Ina Fried

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Is Google’s Motorola Deal the Break That Windows Phone Needed?

Microsoft has got to be of two minds when it comes to digesting the Monday morning shocker that Google is seeking to buy Motorola Mobility for $12.5 billion.

On one hand, the deal could give Google even more power and threaten the royalty stream Microsoft has been seeking to collect on Android-based devices. However, it could also give handset makers and carriers — already leery of Google’s control — a reason to give Windows Phone some added attention.

“There’s no doubt they are going to have to give Windows Phone more serious consideration than they ever would before,” Gartner analyst Michael Gartenberg told AllThingsD. “On the other hand, they are still smarting from the Nokia deal. But at least Microsoft hasn’t taken that final step of going into the hardware business themselves.”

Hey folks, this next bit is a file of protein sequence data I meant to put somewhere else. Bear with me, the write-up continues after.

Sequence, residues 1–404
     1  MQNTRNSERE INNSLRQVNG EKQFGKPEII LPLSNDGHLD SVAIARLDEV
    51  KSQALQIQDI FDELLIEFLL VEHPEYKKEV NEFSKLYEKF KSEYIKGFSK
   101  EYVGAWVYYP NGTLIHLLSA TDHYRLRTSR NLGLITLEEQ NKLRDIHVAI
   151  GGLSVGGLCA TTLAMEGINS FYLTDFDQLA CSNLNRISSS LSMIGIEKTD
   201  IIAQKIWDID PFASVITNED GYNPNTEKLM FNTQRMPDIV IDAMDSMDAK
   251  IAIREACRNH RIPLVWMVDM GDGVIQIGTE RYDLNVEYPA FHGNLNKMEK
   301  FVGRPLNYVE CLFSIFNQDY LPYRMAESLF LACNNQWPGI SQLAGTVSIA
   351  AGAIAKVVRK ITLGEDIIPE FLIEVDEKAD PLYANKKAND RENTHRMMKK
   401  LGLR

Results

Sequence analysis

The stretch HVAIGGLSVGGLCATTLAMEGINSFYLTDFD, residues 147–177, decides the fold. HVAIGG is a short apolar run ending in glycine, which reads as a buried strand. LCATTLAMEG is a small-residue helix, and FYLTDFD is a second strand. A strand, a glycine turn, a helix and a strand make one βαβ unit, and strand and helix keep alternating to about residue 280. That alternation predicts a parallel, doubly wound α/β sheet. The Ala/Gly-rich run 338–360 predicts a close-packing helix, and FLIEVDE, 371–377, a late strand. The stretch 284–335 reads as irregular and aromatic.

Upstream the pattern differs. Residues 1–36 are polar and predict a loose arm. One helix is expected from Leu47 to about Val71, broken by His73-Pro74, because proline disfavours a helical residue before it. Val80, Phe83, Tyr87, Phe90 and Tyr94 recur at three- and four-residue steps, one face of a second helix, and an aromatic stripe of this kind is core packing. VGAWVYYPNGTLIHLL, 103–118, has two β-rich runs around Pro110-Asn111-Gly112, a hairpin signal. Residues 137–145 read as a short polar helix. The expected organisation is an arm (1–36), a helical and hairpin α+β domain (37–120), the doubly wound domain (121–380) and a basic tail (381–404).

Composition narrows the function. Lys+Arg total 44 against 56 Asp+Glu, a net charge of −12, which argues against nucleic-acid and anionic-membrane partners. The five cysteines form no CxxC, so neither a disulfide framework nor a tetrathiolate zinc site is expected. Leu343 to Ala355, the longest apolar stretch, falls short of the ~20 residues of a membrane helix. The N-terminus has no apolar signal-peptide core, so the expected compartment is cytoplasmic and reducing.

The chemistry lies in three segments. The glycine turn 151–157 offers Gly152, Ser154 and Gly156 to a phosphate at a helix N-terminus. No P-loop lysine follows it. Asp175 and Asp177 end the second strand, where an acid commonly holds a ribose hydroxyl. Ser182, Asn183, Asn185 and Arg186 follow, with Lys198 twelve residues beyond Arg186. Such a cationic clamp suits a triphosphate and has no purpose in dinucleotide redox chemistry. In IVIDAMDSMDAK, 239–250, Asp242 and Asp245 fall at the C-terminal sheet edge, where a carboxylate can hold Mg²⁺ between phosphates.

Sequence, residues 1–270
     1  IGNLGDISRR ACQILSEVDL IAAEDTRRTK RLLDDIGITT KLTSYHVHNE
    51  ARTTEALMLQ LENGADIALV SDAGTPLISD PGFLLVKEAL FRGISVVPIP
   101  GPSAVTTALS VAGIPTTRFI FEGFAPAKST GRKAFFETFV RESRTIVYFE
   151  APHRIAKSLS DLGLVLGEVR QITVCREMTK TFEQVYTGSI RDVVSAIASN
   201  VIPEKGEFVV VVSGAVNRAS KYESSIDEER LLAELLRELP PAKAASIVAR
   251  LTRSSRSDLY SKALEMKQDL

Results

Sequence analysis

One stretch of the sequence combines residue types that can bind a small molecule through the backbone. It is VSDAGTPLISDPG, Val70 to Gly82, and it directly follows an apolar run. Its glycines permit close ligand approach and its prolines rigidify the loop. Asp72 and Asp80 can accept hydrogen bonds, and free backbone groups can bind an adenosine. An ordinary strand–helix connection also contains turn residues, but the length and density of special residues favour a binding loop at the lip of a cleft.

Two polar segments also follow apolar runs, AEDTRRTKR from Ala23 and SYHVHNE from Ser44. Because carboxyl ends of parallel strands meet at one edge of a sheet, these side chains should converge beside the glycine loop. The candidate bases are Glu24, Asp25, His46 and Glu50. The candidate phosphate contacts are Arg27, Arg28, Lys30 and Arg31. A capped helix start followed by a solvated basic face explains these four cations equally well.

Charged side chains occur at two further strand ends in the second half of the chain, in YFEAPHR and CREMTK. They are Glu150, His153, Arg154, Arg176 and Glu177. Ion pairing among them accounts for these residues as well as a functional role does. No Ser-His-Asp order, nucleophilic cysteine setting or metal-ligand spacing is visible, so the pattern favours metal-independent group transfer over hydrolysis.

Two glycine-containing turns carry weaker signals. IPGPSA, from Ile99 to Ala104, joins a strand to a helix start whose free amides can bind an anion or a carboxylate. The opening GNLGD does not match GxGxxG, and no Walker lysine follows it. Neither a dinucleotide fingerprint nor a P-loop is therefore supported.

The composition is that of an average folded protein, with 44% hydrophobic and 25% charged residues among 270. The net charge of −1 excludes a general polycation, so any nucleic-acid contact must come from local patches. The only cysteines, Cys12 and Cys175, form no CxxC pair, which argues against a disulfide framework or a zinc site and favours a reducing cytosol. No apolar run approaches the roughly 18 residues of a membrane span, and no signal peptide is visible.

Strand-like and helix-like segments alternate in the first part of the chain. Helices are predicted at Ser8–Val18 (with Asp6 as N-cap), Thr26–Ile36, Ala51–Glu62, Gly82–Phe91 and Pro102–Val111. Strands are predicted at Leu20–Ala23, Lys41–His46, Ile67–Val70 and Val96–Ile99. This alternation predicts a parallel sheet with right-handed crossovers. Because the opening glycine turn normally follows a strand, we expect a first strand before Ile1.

Of course, Microsoft isn’t the only alternative to Android. Hewlett-Packard has said it is open to licensing its webOS software, and there is also the MeeGo mobile Linux option backed by Intel.

Nor does it matter how much the hardware makers and carriers want an alternative to Android and Apple, if consumers aren’t biting. Thus far, Apple and Android have been dominating the smartphone market, at the expense of almost everyone else.

As for Microsoft’s effort to build a patent-licensing business around Android, a more patent-rich Google could certainly slow that push.

Microsoft has said it believes Android infringes on its patents, and has been seeking deals with device makers and suing some of those unwilling to negotiate. It already has deals with HTC and several smaller device makers. It has sued a number of others, including Motorola and Barnes & Noble.

For now, Microsoft appears to be still digesting the news. What will be most interesting to see is if it formally opposes the deal, quietly agitates against it, or is content to let Google move forward.

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